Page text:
Earlier this month, Indiana became the first state to ban local ‘ban the box’ laws, which seek to regulate when an employer can ask about an applicant’s criminal history during the job application process, and instead implemented statewide legislation on the issue. Indiana also joined 26 other states that have banned asking questions about prior arrests or criminal history on state government job applications. The bill takes effect July 1.
Under Indiana senate bill 312, local governments are barred from enacting ban the box laws. In 2014, the city of Indianapolis – and Marion County – passed their own ban the box law. In this case, the ordinance prohibited city or county agencies and associated vendors from asking about an applicant’s conviction history until after the first interview. If no interview is conducted, the employer is not allowed to make inquiries or otherwise gather any information about the applicant’s criminal history.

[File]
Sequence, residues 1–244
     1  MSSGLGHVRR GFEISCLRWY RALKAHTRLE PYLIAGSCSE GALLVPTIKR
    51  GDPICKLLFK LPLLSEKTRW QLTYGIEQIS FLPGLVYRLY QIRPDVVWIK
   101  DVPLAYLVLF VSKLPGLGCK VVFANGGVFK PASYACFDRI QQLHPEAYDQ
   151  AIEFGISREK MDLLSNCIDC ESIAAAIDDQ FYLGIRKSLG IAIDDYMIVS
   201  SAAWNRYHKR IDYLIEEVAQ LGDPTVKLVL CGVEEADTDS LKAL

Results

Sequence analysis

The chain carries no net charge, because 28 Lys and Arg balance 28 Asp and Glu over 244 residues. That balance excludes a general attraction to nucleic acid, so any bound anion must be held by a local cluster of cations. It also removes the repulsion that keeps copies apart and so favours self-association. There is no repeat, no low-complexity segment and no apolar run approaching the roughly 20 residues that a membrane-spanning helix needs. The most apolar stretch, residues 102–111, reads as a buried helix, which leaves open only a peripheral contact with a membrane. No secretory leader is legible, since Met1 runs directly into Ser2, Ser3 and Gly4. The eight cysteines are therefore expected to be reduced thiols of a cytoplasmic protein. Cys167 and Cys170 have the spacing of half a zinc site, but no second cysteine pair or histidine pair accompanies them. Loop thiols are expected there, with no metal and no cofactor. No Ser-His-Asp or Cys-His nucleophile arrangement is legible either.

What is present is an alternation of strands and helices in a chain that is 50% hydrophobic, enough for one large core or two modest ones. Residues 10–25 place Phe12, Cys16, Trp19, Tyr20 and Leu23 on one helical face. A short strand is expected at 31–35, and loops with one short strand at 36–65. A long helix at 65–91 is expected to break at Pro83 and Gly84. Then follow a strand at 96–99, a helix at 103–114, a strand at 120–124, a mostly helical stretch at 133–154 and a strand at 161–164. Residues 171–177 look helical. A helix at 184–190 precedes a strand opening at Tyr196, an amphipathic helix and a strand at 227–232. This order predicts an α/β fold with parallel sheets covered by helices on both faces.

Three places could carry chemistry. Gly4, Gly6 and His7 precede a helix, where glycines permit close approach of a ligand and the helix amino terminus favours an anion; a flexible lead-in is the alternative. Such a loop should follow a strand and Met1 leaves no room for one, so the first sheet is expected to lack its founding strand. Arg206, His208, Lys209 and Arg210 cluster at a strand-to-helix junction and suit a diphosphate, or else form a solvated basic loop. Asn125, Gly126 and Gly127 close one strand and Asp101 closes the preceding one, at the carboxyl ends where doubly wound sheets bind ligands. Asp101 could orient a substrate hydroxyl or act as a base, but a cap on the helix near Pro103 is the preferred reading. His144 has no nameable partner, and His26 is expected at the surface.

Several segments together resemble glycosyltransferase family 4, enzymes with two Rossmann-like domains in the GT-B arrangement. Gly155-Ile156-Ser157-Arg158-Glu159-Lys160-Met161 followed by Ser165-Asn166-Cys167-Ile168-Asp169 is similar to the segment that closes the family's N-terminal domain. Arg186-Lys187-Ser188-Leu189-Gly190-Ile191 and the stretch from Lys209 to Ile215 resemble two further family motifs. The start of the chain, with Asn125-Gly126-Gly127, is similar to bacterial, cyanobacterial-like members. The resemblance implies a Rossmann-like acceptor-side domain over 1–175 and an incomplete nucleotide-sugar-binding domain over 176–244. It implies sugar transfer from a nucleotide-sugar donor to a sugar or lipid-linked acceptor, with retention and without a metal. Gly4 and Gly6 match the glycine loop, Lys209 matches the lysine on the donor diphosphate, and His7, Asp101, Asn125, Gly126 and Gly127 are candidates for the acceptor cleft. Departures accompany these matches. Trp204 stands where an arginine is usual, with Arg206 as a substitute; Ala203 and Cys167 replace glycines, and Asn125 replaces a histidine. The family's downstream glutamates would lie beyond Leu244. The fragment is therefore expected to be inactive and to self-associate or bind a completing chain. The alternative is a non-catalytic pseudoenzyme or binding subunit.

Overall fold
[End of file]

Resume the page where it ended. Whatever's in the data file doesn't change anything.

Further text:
Commenting on the new rules, attorney Les Rose and author of The Safe Hiring Method noted that there are very strong arguments for statewide ban the box laws instead of a patchwork of local ordinances. Specifically, he notes that “if every city, county or district passes its own laws, it becomes very Balkanized and hard to do business. By having a clear statewide law, all employers know the rules and employers in fact have an incentive to hire an ex-offender because of the statutory immunity or protections a state can give an employer.”
Further, Rosen noted that only a state legislature can provide employer immunity or protection if the employer hires an ex-offender and the person commits another crime, whereas local ordinances do not afford the same protections.
Currently more than 150 state, county and city governments have enacted ban-the-box laws across the country, but most are limited to public-sector hiring. However, the Texas state legislature is debating a bill very similar in nature to Indiana’s statewide bill.